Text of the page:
The bones of my 1881 apartment building have been exposed. A structural shoring-up demanded of the landlord by the City. The subway below shakes the building. One September day in 2001, a low flying plane also shook the building. I remember a day many years ago when a section of my living room wall tumbled in.
Periodically our notorious landlord is forced to “improve” the building, or at least make it safe to live in. They replace the old red bricks with grey blocks. Sturdier, I am sure, but the history is lost. This month, chunks of an internal wall are being replaced by cinder blocks. But some of the bricks hold on. “We’re still here,” they silently proclaim, “crumbling but still standing”
In old buildings, the walls hold memory. In old people, memory, too, is held, not just personal, but societal, historical, spiritual. I’ve been in this building since 1971. It holds memory of me, or at least I imagine that those original bricks do. Over the years there have been periodic replacements of structural elements along with the change in the tenant society from old Italians to young artists to young wall street types and now to a frequent roll-over of NYU students. But some of us old ones are still here, two neighbors even longer than I. We are still here. And miraculously, so is this shaky tenement.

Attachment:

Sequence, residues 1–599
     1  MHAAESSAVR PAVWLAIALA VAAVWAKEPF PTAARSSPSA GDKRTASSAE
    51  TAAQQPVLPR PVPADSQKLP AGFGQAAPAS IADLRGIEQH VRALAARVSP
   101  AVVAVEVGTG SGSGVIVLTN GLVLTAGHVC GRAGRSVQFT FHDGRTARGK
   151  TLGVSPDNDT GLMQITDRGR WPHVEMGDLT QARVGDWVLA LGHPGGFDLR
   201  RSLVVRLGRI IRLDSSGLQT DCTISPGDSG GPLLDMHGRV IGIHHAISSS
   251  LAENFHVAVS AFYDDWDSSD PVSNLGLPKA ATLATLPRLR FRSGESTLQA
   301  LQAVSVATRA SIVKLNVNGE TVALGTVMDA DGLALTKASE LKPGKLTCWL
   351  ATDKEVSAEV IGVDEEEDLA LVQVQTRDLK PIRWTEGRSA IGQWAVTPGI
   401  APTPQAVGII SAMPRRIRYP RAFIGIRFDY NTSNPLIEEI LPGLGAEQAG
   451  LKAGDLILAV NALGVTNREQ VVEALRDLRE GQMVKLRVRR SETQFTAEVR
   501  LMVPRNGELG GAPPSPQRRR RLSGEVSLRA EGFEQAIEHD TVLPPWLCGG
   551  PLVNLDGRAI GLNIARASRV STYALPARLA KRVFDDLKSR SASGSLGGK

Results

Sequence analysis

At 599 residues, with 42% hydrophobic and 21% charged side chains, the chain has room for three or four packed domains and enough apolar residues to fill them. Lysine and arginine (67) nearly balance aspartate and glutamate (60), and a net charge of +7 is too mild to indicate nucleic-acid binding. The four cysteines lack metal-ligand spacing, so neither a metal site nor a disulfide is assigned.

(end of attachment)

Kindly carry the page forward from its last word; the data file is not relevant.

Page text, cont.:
I like old buildings in old places. Rome. Jerusalem. And yes, Greenwich Village. There is a felt sense present, both horizontal and vertical. The time line spreads out awareness and adds deep layers to experience. At least for me. At least for me.